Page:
US OPEN 18: Zverev leads group of up-and-comers in New York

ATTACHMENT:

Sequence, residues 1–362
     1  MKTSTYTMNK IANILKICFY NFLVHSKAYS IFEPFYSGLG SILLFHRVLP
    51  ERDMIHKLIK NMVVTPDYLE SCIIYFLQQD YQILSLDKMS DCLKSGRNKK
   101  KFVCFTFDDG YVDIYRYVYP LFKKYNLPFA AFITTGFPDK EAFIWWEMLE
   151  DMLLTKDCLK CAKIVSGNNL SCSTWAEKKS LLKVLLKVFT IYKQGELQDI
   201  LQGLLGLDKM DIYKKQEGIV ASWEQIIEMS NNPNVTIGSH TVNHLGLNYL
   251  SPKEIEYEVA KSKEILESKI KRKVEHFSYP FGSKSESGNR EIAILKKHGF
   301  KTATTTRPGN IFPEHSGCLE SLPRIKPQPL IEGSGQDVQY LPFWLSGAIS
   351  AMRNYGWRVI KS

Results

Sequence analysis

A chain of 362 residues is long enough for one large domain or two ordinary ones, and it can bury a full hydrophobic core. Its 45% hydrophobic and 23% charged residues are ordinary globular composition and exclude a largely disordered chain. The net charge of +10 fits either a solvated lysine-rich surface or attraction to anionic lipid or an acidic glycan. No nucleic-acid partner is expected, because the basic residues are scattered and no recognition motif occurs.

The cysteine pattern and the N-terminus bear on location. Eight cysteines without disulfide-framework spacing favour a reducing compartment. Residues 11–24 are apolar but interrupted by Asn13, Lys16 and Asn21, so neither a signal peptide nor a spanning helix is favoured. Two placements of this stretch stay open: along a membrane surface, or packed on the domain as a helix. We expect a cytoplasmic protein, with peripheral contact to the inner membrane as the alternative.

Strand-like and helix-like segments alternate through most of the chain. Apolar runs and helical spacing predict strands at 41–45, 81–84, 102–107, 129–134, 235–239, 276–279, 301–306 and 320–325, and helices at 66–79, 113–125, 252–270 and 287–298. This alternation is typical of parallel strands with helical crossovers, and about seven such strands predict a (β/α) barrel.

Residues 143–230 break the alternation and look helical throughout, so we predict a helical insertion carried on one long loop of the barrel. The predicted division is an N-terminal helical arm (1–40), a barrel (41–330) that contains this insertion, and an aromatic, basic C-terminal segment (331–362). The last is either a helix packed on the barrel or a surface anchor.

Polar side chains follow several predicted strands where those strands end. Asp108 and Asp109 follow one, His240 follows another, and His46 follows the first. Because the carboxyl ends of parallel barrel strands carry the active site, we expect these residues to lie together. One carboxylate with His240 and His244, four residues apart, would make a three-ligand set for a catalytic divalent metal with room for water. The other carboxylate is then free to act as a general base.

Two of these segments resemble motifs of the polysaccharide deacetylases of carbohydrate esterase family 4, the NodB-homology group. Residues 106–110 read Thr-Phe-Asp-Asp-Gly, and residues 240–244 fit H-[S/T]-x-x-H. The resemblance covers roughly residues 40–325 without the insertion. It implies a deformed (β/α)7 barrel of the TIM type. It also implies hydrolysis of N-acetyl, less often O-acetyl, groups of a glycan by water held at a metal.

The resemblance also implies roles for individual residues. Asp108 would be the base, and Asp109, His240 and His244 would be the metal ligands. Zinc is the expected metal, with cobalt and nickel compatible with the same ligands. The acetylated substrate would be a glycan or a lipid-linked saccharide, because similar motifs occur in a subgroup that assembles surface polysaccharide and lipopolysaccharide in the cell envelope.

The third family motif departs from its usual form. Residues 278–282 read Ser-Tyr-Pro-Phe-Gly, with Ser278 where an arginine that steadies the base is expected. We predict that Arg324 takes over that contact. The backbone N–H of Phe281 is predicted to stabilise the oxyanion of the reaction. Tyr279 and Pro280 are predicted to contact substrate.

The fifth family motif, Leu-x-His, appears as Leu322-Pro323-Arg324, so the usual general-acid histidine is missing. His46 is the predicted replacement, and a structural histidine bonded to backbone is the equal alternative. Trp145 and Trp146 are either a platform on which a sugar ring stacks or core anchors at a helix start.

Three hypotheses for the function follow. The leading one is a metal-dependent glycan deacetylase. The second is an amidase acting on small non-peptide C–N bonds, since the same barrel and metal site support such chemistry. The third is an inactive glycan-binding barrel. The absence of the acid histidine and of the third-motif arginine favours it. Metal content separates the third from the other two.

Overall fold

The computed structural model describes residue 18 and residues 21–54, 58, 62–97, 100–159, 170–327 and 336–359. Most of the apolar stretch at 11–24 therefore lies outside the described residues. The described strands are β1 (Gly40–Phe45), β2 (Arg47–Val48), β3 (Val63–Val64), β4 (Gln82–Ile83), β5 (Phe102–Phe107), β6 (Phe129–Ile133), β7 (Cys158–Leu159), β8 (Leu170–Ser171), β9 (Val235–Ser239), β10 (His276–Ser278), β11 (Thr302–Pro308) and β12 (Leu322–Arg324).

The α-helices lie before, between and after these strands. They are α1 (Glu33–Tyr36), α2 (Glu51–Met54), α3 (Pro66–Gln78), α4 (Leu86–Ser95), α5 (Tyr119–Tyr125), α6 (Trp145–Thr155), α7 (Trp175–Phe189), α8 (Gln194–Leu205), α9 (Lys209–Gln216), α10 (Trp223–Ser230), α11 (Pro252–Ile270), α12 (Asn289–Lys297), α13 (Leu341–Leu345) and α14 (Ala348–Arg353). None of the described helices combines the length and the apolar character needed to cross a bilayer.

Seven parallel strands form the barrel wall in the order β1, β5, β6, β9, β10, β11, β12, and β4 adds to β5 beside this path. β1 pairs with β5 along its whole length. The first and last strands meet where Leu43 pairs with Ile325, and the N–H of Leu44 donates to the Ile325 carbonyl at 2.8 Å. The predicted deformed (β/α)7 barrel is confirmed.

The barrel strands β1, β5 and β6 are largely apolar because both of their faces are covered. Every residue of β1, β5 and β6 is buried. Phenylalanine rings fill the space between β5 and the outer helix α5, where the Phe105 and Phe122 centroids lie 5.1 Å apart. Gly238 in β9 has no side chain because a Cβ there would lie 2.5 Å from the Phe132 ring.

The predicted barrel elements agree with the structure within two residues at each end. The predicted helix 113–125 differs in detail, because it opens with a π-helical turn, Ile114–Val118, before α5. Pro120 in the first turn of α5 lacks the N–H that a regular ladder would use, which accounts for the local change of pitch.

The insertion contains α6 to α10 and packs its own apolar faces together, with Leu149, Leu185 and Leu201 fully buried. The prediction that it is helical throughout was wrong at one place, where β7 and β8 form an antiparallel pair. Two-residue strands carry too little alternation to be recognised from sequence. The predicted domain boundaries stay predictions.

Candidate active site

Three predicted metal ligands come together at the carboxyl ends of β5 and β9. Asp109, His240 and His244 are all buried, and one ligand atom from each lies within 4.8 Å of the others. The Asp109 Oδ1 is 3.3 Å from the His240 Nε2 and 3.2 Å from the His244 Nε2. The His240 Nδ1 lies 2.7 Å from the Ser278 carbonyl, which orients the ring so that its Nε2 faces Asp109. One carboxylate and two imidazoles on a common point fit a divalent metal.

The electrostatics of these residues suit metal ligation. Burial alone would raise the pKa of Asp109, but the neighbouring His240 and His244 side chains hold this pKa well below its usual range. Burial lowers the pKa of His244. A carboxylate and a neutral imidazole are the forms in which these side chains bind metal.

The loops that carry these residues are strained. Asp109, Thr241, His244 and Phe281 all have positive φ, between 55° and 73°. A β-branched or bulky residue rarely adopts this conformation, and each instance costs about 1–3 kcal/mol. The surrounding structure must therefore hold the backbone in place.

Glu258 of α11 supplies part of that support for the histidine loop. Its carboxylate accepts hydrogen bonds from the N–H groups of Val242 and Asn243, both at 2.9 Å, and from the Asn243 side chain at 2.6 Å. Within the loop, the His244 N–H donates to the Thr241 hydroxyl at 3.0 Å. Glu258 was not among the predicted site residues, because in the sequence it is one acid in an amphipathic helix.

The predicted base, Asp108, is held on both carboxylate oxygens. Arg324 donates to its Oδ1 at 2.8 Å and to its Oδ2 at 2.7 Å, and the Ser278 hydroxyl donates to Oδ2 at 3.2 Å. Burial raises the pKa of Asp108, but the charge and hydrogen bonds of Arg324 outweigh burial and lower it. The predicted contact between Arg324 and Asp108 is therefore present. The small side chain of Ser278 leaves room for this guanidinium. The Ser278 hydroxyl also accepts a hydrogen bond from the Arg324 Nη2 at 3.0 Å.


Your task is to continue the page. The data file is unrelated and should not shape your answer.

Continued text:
By Howard Fendrich, Associated Press Alexander Zverev has shown he can win run-of-the-mill tournaments and Masters titles, too. He's shown he can make it to the second week of a major. What everyone is watching — and waiting — for now is a Grand Slam semifinal, final or trophy. "Sascha Zverev," said Citi Open co-founder and chairman Donald Dell, using Zverev's nickname after the 21-year-old German won Washington's hard-court tuneup for the U.S. Open a second consecutive year, "is the future of pro tennis." Zverev is seeded No. 4 at Flushing Meadows, where play begins Monday, and is widely considered the likeliest member of the latest generation of tennis pros to make a deep run at this U.S. Open after getting to his first major quarterfinal at the French Open. Zverev isn't alone, though. He's part of a crop of youngsters who might be ready to take over the sport from the old hands who have dominated it for more than a decade. Stop us if you've heard that before, though. "They're still there," Zverev said about the so-called Big Four of Roger Federer, Rafael Nadal, Novak Djokovic and Andy Murray. "Obviously, they're still contenders for every single tournament they play." It's worth noting that Zverev is one of only five active players who's won at least three Masters events. The others? Federer, Nadal, Djokovic and Murray, who are all in their 30s and have combined to win 49 of the past 54 Grand Slam titles. Men's tennis just keeps skewing older: Last month at Wimbledon, all four semifinalists were in their 30s, the first time that happened at any Slam in the half-century of professional tennis. Ah, but look closely, and there are signs that change could be on the way. "They're definitely knocking on that door," Federer said, "and there is some exciting talent around." At the Citi Open this month, for example, Zverev's victory over 19-year-old Alex de Minaur of Australia made for the youngest final on the ATP World Tour since a 20-year-old Nadal beat a 19-year-old Djokovic at Indian Wells in 2007. And the ages of the two losing semifinalists in Washington? Andrey Rublev is 20; Stefanos Tsitsipas turned 20 the following week at the Toronto Masters, where he became the youngest player to beat four top-10 opponents at one tournament since the ATP World Tour was established in 1990. "Four 'NextGen' players in the semifinals. That's amazing for tennis, I think," Zverev said in Washington, referring to the marketing campaign the tour uses to promote up-and-comers. "Me being the oldest — that never happened to me before. It's interesting. And I like where tennis is going. I like the development of the other young guys. It's going to be interesting to see what it'll be like in the future." Agreed. Zverev is one of seven men who are 21 or younger and ranked in the top 50. Here's a look at the other half-dozen, each worth keeping an eye on during the U.S. Open: ___ STEFANOS TSITSIPAS Country: Greece Age: 20 Ranked: 15th (career high) Plays: Right-handed; one-handed backhand Career Titles: Zero 2018 Record: 30-20 Best Grand Slam Showing: 4th Round at Wimbledon in 2018 Best U.S. Open Showing: Making debut His Words: "I am part of a group of (young) players that make me better — and I make them better. We have a very good competition among us. Without this, I probably wouldn't even be inside the top 100." ___ BORNA CORIC Country: Croatia Age: 21 Ranked: 20th (career high) Plays: Right-handed; two-handed backhand Career Titles: 2 2018 Record: 26-14 Best Grand Slam Showing: 3rd Round, four times Best U.S. Open Showing: 3rd Round in 2017 His Words: "I learned by now that this is tennis and, you know, one week can be great; another one can be a disaster." ___ DENIS SHAPOVALOV Country: Canada Age: 19 Ranked: 28th (career high is 23rd) Plays: Left-handed; one-handed backhand Career Titles: Zero 2018 Record: 25-20 Best Grand Slam Showing: 4th Round at U.S. Open in 2017 Best U.S. Open Showing: 2017 His Words: "I'm only 19 and I've proved a lot to myself this year." ___ ANDREY RUBLEV Country: Russia Age: 20 Ranked: 37th (career high is 31st) Plays: Right-handed; two-handed backhand Career Titles: 1 2018 Record: 15-14 Best Grand Slam Showing: Quarterfinals at U.S. Open in 2017 Best U.S. Open Showing: 2017 His Words: "When you see, for example, somebody, a young guy, winning a big match, I start to think, 'If he can win, maybe I also can win it. Why not?' Is (giving) me more motivation." ___ FRANCES TIAFOE Country: United States Age: 20 Ranked: 42nd (career high is 38th) Plays: Right-handed; two-handed backhand Career Titles: 1 2018 Record: 24-16 Best Grand Slam Showing: 3rd Round of Wimbledon in 2018 Best U.S. Open Showing: 0-3 record His Words: "There's so much more work that needs to be done to be at the top of the game. I'm at the middle grounds now. I just want to do more. I want to keep working." ___ ALEX DE MINAUR Country: Australia Age: 19 Ranked: 43rd (career high) Plays: Right-handed; two-handed backhand Career Titles: Zero 2018 Record: 16-13 Best Grand Slam Showing: 3rd Round of Wimbledon in 2018 Best U.S. Open Showing: 0-1 record His Words: "I really wanted to be known in the locker room as that guy that's never going to give up: He's going to find until the end and you're really going to have to play well to beat him. That's something that I've tried to do every time I step out on court." ___ AP Sports Writer Brian Mahoney in New York contributed......»»